If you’re looking to learn as much as you can about Samsung’s Android skin known as One UI, this is where you need to be!
One user interface – everything you need to know about Samsung Android Skin
Samsung is the world’s most popular smartphone provider. Hence, there are many people with Samsung devices. If you are one of them, you already know One UI – the software that powers your Android phone or tablet.
In the next article, we will give you a crash course on the Samsung Android Skin. This should be a great introduction for those new to the Samsung phones world. However, there should be some interesting information here even for long-time Samsung fans.
One UI at a glance
Samsung first presented One UI at its annual developer conference at the end of 2018. Shortly afterwards, the company started a beta program for existing Samsung devices. It was the Samsung Galaxy S10 family that landed in March 2019.
Every year One UI gets a new numbered version. Samsung will generally release one-time versions with minor updates later this year. One example of this is One UI 2.5, which came onto the market with the Samsung Galaxy Note 20 series and brought new photography, stability and gesture functions with it.
Compared to other Android skins, Samsung takes a “kitchen sink” approach with One UI. The skin contains all kinds of features that allow users to set their phone the way they want it to be. The downside of this is of course a clear “feature slip”, in which a flood of features actually becomes more confusing for the user.
Regardless, One UI is one of the most popular and best-received Android skins out there. Its stability, large number of features, and consistency across devices have helped Samsung assert itself as the reigning king of smartphones.
The latest version of One UI
Samsung ships a new numbered version of its Android skin every year. In 2018 it was One UI 1.0. In 2019 we saw the release of 2.0. We saw version 3.0 in 2020. And we’re now preparing for One UI 4.0 to hit the market sometime in 2021.
The latest stable version of the skin is One UI 3.1, which was first published with the Samsung Galaxy S21 series. Too many other Samsung devices, including older flagships, mid-range devices, and more.
It is possible that we will see a new specific version of the skin before we see the stable version of version 4.0. If so, it would likely end up in the Samsung Galaxy Z Fold 3, which launches on August 11th.
How to Check Your Version and Updates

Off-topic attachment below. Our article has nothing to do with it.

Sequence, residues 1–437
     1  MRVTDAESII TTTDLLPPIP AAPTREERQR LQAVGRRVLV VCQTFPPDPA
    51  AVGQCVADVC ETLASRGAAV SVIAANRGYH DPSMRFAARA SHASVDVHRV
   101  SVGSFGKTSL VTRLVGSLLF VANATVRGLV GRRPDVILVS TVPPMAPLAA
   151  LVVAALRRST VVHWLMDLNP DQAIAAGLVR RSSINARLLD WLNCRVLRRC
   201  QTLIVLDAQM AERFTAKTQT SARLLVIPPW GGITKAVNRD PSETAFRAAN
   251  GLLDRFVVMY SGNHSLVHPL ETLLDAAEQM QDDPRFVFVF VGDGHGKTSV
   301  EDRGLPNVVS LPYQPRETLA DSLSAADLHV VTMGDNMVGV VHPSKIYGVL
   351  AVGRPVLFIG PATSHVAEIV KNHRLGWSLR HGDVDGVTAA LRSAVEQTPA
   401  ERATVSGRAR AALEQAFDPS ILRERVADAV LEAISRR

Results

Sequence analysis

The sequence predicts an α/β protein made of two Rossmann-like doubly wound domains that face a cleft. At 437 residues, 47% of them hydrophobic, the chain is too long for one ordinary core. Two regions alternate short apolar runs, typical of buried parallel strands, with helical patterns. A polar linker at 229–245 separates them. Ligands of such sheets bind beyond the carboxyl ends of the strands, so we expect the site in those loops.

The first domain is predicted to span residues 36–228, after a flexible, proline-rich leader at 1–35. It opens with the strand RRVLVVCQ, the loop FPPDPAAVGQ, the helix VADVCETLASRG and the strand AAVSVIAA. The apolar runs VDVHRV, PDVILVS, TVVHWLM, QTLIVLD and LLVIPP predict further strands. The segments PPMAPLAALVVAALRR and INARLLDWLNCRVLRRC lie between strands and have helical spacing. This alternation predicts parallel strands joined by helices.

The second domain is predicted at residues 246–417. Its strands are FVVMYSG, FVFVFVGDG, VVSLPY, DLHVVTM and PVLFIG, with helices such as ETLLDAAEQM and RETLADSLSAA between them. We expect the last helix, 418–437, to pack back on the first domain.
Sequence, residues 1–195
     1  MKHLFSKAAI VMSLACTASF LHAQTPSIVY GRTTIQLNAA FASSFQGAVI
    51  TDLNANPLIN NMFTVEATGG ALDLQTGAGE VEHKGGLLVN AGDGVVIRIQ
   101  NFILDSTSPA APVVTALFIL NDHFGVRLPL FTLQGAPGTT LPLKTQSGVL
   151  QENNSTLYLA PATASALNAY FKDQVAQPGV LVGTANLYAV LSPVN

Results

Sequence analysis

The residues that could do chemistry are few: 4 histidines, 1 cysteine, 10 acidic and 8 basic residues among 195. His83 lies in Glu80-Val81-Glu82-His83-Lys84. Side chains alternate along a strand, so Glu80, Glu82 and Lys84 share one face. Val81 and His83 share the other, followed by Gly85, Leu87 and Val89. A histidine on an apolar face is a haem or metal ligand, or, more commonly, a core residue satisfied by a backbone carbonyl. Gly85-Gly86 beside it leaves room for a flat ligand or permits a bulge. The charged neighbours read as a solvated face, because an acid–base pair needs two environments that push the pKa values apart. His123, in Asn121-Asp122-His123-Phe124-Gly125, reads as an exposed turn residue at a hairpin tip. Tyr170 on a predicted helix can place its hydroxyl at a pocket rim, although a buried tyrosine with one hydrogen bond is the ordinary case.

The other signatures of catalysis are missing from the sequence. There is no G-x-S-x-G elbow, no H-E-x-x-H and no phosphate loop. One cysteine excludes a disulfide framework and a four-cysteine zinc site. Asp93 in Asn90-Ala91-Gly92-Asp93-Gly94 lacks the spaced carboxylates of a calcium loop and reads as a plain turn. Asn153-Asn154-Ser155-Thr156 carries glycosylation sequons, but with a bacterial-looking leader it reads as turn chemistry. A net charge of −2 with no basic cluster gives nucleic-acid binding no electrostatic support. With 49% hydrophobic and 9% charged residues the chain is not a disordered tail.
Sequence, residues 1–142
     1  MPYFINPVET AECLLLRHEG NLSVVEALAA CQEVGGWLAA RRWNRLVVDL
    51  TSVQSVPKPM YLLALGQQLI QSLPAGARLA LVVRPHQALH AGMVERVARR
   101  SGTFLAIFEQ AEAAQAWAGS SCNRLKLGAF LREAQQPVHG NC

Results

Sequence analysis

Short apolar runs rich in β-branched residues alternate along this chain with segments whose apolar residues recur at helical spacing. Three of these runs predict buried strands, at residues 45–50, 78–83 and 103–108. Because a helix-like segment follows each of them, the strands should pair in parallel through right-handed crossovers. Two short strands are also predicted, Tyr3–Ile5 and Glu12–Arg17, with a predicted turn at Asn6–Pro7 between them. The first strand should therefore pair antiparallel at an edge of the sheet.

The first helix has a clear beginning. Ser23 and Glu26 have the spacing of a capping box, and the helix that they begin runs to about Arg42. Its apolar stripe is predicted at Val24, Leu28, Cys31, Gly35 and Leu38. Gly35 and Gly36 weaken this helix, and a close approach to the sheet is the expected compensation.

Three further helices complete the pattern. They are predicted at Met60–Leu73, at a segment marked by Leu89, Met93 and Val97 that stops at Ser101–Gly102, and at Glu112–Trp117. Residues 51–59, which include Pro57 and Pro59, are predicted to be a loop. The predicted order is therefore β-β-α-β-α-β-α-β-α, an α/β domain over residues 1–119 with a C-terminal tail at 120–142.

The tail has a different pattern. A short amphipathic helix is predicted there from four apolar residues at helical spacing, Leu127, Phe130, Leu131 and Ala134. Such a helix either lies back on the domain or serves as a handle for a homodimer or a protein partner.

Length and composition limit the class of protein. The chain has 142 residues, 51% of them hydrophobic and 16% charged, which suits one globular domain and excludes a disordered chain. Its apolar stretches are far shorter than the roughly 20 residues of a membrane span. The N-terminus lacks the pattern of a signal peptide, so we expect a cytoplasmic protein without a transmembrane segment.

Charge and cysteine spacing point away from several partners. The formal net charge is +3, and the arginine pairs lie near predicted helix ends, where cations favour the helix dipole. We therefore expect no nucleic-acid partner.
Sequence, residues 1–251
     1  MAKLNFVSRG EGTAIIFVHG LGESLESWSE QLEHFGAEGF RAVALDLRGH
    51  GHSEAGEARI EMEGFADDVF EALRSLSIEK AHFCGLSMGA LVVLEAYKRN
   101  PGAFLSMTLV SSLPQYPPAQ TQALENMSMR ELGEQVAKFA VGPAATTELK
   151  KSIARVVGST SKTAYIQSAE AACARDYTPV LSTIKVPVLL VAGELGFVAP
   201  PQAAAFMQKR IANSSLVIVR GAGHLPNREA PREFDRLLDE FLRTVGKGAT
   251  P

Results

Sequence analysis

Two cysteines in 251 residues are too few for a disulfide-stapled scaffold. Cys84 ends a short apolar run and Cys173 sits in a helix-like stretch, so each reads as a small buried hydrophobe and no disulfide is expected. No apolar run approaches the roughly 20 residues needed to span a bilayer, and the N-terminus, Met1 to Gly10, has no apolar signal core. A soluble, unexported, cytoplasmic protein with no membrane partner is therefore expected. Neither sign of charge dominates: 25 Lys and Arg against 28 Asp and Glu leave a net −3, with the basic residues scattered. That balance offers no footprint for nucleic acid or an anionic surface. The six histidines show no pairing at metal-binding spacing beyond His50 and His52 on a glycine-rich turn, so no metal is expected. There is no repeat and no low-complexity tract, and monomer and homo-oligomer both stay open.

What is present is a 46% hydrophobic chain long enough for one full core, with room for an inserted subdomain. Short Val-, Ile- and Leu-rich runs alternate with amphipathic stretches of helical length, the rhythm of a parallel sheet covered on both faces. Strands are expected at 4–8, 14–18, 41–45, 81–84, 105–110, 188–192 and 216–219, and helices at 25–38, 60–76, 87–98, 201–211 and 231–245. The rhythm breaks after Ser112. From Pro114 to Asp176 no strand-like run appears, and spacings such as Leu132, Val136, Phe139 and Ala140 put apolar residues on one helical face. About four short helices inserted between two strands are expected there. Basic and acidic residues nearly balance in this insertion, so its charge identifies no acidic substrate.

If you don’t know what version of One UI is on your Samsung device, there is a very simple way to check:
Go to Settings by clicking the icon in your app drawer or tap the gear icon on the notification sound.
Scroll to the bottom of the list and tap About Phone.
Then tap on “Software Information”.
The first list at the top of this page tells you which version of One UI you are using.
If you are using an older version of One UI, there is a chance that an update is waiting for you. You can check for software updates by following the steps below:
Go to Settings by tapping the icon in your app drawer or the gear icon in the notification bar.
Scroll to the bottom of the list and tap Software Update.
Click Download and Install on this page.
Your phone will check for updates and tell you how to install them.
If your software is up to date but you don’t have the latest version of One UI, it means your phone hasn’t received the update yet. It is also possible that your phone is too old to receive new updates.
Brief History of One UI
As mentioned above, Samsung launched One UI in 2018; However, the company had released many smartphones before that date. These earlier Samsung phones had different Android skins.
Samsung’s first skin was called TouchWiz and lasted from the beginnings of Android smartphones to 2016 and Android 6 Marshmallow. TouchWiz was colourful and cartoonish and not the most popular skin out there.
It was a relief when Samsung released its next skin called the Samsung Experience, which landed in 2016 and first appeared on devices running Android 7 Nougat. The experience was much more refined than TouchWiz and had a sleek and streamlined user interface.
A user interface has taken over the general appearance of Experience and further optimized it. Samsung may be able to replace One UI with a different skin in the future, but at the moment the response to the software has been positive and I don’t see it going anywhere anytime soon.